Wealth Check: Trying to make ends meet is not child's play

Since the arrival of his twin boys, Miguel Cro has been struggling to save for the future. Our experts prescribe a solution

The patient

Miguel Cro doesn't want to worry about money, but has found it harder to budget day-to-day while saving for the future since the arrival of his twin boys.

The 26-year-old lives in Kenley, Surrey, with his wife, Leopoldina, and their sons, Daniel and Gabriel, now seven months. Miguel works as an executive assistant and takes home around £2,000 a month. At present, after paying for all the family's outgoings and bills, there is only around £200 left, although the family finances are due to get easier once Leopoldina goes back to work.

Miguel has managed to salt away a little money in savings and has an individual savings account (ISA) with Barclays and also an easy-access savings account.

"I have around £1,500 in each," says Miguel. "But I really want to save more and build up a bigger fund. We also want a nest egg for each of our boys, but are finding it hard with the costs of a young family."

Miguel is disciplined with his borrowing, and while he does have two credit cards, one with Capital One and one with Amex, he pays both of these off in full each month.

"I do not make pensions contributions, but my employer pays in 12 per cent of my annual salary," he adds.

The Cros live in a three-bedroom, semi-detached house in Surrey which they bought in December 2011 for £287,000.

They have a mortgage for £190,000 with Barclays/Woolwich on a repayment basis, currently on a fix.

The cure

Our panel of independent financial advisers (IFAs) agree that having children is a big life change, and can have a huge impact on finances. They warn Miguel that it may be particularly hard to find money to put aside when there is only one salary coming in. Nonetheless, they urge him not to ignore longer-term investing or, above all, financial protection.

Budget for a young family

Patrick Connolly from AWD Chase de Vere urges Miguel to plan the family finances as carefully as he can.

"Typically, family costs rise and income goes down, especially if one parent takes an extended parental break or childcare costs increase," he says. "I'd recommend keeping finances as flexible as possible so Miguel can adapt to whatever happens. This means that longer-term financial planning may temporarily need to be reduced."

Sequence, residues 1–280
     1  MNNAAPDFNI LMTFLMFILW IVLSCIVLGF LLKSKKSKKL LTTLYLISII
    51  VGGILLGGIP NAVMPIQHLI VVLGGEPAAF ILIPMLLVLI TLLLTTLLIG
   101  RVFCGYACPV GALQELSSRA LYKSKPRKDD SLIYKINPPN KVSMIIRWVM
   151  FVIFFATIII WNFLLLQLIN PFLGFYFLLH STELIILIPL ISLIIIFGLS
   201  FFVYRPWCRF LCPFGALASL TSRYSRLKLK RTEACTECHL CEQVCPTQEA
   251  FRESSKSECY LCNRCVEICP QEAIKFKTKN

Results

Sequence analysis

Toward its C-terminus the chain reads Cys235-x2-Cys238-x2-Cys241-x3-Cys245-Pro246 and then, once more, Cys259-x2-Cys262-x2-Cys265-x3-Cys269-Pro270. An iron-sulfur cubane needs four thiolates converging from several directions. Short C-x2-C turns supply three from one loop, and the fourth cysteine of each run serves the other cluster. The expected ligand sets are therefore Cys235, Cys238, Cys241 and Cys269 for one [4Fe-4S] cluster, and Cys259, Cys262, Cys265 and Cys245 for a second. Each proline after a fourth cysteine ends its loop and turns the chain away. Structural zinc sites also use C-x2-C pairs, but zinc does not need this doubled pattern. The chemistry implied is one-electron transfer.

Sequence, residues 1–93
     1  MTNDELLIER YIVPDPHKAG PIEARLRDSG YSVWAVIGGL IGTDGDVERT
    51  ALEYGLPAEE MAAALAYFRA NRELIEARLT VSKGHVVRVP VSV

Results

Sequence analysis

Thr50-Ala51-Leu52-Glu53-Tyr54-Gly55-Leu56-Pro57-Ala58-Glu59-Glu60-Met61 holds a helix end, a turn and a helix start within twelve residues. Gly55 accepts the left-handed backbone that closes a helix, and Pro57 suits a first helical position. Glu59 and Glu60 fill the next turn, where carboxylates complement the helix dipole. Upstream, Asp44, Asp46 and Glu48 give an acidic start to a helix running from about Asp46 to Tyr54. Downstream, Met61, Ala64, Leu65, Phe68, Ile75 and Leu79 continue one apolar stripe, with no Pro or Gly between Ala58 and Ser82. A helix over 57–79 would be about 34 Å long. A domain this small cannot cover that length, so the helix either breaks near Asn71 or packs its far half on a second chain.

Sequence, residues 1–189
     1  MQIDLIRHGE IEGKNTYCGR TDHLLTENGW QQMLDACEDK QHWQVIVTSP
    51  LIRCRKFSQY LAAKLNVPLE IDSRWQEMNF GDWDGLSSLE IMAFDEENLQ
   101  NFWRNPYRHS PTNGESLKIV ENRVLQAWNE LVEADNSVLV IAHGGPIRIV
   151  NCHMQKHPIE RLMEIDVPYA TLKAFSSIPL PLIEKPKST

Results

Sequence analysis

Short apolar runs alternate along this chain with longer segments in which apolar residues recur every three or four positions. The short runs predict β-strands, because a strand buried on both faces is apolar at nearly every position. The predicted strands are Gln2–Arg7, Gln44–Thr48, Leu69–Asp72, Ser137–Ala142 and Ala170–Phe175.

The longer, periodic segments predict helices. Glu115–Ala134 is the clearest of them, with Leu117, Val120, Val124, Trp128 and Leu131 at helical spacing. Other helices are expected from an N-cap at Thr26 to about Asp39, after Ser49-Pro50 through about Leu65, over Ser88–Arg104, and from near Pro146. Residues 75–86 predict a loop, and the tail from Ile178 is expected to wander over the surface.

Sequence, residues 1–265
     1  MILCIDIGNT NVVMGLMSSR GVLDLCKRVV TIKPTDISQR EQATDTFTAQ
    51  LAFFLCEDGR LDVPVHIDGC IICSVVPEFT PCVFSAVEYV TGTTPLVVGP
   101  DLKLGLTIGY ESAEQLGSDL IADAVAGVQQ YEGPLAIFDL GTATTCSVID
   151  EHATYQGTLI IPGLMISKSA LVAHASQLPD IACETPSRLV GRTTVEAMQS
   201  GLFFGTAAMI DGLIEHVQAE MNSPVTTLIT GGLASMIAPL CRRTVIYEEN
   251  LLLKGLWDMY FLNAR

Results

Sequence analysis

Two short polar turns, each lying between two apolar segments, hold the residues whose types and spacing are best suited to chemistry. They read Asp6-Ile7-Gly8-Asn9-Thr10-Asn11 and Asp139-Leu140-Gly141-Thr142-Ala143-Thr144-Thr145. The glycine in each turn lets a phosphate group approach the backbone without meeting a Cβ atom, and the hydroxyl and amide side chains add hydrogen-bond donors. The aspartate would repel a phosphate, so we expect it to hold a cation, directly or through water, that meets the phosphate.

Chris Wicks from Bridgewater Financial Services Limited recommends Miguel draw up a budget.

"That way he will know exactly what is coming in and going out," he says. "He may also be able to make further savings by shopping around for the best deals on his utility bills, insurance and borrowings."

Useful price comparison websites for this include Uswitch.com and Moneysupermarket.com.

Build up savings

The best way for Miguel to keep his finances flexible is to build up cash savings, according to Mr Connolly.

"Miguel has built up some savings and has been sensible in using his cash ISA allowance as returns are tax-free," he says.

Nick Evans from One Life Wealth Planning adds that Miguel can help boost returns by making full use of his cash ISA allowance.

"Savings returns are modest, so he should stick with secure, deposit-based accounts until he has built up a reasonable emergency fund."

Miguel should also find out the rates he is getting on his money.

"If these aren't competitive, he should move his money elsewhere," says Mr Connolly.

"The best, instant-access cash ISA accounts are currently paying around 3 per cent."


Review the mortgage

Mr Connolly urges Miguel to check the details of his mortgage deal to ensure it is competitive.

"He should compare it with other fixed-rate products currently available," he says. "It is likely that his best option will be to leave his existing mortgage where it is until the fixed term expires at least, but he should double-check that this is the case."


Don't ignore pension saving

Miguel is in the fortunate position of having an employer who is paying 12 per cent of his salary into his pension scheme.

"He is benefiting from very generous contributions," says Mr Evans. but adds that this doesn't mean Miguel should neglect his pension or other long-term savings.

Mr Connolly says the couple should review how much disposable income they will have once Leopoldina goes back to work, and look to invest more for the longer-term.

When the couple are able to, Mr Connolly recommends they find out whether they can make further pension contributions. "It is often best to do this through your employers as charges are usually competitive," he says.

Mr Wicks also suggests Miguel and his wife obtain state pension forecasts to see how much they can expect – and when.

Consider other longer-term savings products

In addition to pensions, Miguel should also consider long-term savings into stocks and shares Isas, says Mr Connolly.

"Pensions offer initial tax relief but aren't particularly flexible, whereas stocks and shares Isas can also be tax efficient but provide much greater flexibility and access to your money," he says.

"For most people a combination of pensions and Isas is the best way to save for the long term."


Put protection in place

"Miguel should find out if his employer provides any form of life assurance or income protection, and if his wife has any cover from her employer," says Mr Connolly.

"He must then look to make up any shortfall himself. It should be possible to get joint life cover of £250,000 over a 20-year period for around £15 each month."

Mr Wicks also urges Miguel to draw up a will.

Do you need a financial makeover?

Write to Julian Knight at:

The Independent on Sunday, 2 Derry Street, London W8 5H


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